Humphreys Strikes Again – Call to action

It’s appalling that Heather Humphreys continues to be in charge of Ireland’s arts, language and heritage. Her failure to protect any of these things has been going on for far too long. She’s a disgrace to the position and her ongoing quest to redevelop and erase the historical importance of Moore Street proves this time and time again.

Humphreys always favors new business over history and obviously believes that Ireland’s heritage is less important than modern development. She has refused to protect Ireland’s history on numerous occasions, letting go of historical properties and landmark sites repeatedly but this new blunder may take the cake. She is refusing to purchase Patrick Pearse’s last surrender letter. This handwritten message was sent to the volunteers in the Four Courts garrison and it indicated they should stand down. It signaled the end of the Easter Rising and came from the man who was the figurehead of it but apparently this is not important enough for Heather Humphreys. Nevermind that this letter is vitally important to Ireland’s history. Nevermind that someone else in some other country may lose or destroy it after purchase. Nevermind that it should be preserved and placed with the other two in the National Museum immediately. She cares not about those things. She thinks the cost is too high for a single letter, while any historian or lover of Ireland would argue that it’s priceless. The thought of her not fighting for this letter mere months after the centenary celebration of the Rising makes me sick to my stomach.

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Margaret Pearse, mother of Ireland

It must be agonizing for a parent to outlive their child. It goes against the natural order of the universe and has to be absolutely devastating. For many, it usually involves anger and hopelessness. Margaret Pearse knew that suffering better than most, for she didn’t lose one son, but two—at once—both executed at the hands of the British for their roles in the Easter Rising of 1916. Despite this, she steadfastly refused to give in to despair and she spent the rest of her life fighting for the free Ireland that her sons had died for.
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Before the gallows……

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I believe that he knew he was about to be executed. I believe that he thought it was worth it completely. I have seen his letters to his mother in person, once he  was imprisoned and about to die. This schoolmaster, this poet, this philosopher and this hero of Ireland – this reason that I wear an Easter Lily badge – this man, is an idealist – a cheerleader – a man who never lost his faith in humanity and justice. He was amazing. His triumph was through his failure. His life was short but full and meaningful.

Nov. 10th, 1879 – May 3rd, 1916

 

Padraig Pearse’s Address to Court Martial:

I desire in the first place to repeat what I
have already said in letters to General Sir John
Maxwell and to Brigadier General Lowe. My object in
agreeing to an unconditional surrender was to prevent
the further slaughter of the civil population of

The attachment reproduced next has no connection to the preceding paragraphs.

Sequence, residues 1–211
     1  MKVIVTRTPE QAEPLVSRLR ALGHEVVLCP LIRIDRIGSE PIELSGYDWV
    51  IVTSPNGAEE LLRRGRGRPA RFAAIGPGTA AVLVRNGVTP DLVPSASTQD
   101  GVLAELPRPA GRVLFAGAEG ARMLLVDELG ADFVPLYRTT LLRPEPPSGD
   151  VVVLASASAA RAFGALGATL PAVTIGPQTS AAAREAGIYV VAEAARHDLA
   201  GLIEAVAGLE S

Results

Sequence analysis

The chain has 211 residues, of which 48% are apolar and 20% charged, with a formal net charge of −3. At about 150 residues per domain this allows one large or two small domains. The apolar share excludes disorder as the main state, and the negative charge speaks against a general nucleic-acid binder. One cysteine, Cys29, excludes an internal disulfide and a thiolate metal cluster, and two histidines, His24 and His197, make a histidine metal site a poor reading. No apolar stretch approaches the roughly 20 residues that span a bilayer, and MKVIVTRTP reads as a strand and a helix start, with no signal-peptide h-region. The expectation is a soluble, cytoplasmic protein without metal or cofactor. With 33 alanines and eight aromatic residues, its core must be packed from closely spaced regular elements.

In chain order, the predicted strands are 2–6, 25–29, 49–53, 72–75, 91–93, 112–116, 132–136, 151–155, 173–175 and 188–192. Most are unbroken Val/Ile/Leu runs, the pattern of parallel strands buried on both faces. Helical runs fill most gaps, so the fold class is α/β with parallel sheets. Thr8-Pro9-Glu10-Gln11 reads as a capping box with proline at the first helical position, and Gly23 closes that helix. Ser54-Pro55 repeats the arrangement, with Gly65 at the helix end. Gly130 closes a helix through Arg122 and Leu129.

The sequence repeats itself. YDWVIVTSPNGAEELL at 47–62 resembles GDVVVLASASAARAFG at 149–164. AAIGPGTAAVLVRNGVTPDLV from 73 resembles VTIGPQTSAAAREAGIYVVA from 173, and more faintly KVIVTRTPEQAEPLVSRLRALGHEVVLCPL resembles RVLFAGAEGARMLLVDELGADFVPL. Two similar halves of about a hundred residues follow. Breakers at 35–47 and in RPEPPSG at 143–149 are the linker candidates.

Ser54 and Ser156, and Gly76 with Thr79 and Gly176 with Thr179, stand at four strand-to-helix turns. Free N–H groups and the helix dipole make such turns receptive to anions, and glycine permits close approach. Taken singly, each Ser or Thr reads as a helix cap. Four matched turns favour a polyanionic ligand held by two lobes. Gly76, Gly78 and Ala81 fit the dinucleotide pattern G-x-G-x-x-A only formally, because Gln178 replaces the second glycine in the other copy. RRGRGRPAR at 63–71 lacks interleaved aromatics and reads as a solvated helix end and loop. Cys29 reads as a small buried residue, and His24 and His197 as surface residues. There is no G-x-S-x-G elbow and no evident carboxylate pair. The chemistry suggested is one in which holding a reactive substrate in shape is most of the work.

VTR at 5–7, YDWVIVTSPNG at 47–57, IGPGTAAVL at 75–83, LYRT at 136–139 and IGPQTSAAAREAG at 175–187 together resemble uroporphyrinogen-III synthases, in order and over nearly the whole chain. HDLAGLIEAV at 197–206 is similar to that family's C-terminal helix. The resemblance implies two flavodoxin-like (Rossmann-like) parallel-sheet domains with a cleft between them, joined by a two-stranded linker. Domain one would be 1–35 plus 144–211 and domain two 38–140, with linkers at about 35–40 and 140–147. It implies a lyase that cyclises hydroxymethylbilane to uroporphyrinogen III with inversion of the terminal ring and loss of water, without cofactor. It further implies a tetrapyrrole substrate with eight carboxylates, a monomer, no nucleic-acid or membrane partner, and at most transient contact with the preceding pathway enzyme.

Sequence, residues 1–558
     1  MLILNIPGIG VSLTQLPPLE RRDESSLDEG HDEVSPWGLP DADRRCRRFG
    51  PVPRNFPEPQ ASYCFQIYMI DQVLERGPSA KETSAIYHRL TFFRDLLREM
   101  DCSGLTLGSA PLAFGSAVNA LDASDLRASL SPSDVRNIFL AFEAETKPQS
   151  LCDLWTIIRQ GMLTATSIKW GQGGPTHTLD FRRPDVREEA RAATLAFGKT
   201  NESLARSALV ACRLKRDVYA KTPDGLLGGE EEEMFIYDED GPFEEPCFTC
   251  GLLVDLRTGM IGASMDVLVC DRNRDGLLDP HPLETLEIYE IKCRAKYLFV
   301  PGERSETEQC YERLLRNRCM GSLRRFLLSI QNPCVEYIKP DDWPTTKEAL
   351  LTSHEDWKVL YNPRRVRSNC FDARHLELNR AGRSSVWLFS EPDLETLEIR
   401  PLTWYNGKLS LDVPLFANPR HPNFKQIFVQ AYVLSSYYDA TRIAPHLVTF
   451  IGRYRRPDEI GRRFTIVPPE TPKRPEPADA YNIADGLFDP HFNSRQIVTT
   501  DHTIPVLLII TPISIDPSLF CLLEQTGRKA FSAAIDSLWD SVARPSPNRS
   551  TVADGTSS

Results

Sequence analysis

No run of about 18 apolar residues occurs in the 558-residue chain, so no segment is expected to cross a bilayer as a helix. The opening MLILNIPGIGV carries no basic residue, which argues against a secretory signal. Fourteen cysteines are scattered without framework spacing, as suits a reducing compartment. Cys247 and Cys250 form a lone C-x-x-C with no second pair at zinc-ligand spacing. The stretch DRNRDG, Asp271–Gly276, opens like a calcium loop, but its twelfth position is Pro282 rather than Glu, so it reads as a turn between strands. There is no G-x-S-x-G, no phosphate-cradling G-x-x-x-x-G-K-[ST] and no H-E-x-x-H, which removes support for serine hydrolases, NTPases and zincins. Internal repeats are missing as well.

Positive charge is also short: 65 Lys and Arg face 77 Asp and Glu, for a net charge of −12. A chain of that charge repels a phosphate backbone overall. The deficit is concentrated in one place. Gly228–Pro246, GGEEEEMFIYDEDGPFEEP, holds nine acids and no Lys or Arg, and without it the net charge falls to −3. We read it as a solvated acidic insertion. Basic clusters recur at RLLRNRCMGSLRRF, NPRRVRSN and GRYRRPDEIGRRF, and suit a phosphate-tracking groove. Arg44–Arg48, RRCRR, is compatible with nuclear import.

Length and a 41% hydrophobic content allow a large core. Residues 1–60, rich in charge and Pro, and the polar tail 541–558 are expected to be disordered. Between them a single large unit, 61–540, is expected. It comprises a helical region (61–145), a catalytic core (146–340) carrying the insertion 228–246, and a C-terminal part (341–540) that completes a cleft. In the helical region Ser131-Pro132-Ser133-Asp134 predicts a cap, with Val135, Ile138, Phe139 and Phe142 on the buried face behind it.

Dublin and to save the lives of our gallant followers
who, having made for six days a stand unparalleled in
military history, were now surrounded and (in the case
of those under the immediate command of Headquarters)
without food. I fully understand now, as then, that my
own life is forfeit to British law, and I shall die
very cheerfully if I think that the British
Government, as it has already shown itself strong,
will now show itself magnanimous enough to accept my
single life to forfeiture and give a general amnesty
to the brave men and boys who have fought at my
bidding.

In the second place I wish it to be understood
that any admissions I make here are to be taken as
involving myself alone. They do not involve and must
not be used against anyone who acted with me, not even
those who may have set their names to documents with
me. (The Court assented to this,)

I admit that I was Commandant General
Commanding in Chief the forces of the Irish Republic
which have been acting against you for the past week,
and that I was President of their Provisional
Government. I stand over all my acts and words done or
spoken in those capacities. When I was a child of ten
I went down on my bare knees by my bedside one night
and promised God that I should devote my life to an
effort to free my country. I have kept that promise.
As a boy and as a man I have worked for Irish freedom,
first among all earthly things, I have helped to
organise, to arm, to train, and to discipline my
fellow-countrymen to the sole end that, when the time
came, they might fight for Irish freedom. The time, as
it seemed to me, did come, and we went into the fight.
I am glad we did. We seem to have lost. We have not
lost, To refuse to fight would have been to lose; to
fight is to win. We have kept faith with the past, and
handed on a tradition to the future.

I repudiate the assertion of the prosecutor
that I sought to aid and abet England’s enemy. Germany
is no more to me than England is. I asked and accepted
German aid in the shape of arms and an expeditionary
force. We neither asked for nor accepted Germany [sic]
gold, nor had any traffic with Germany but what I
state. My aim was to win Irish freedom: we struck the
first blow ourselves but should have been glad of an
ally’s aid.

I assume that I am speaking to Englishmen, who
value their freedom and who profess to be fighting for
the freedom of Belgium and Serbia. Believe that we,
too, love freedom and desire it. To us it is more
desirable than anything in the world. If you strike us
down now, we shall rise again and renew the fight. You
cannot conquer Ireland. You cannot extinguish the
Irish passion for freedom. If our deed has not been
sufficient to win freedom, then our children will win
it by a better deed.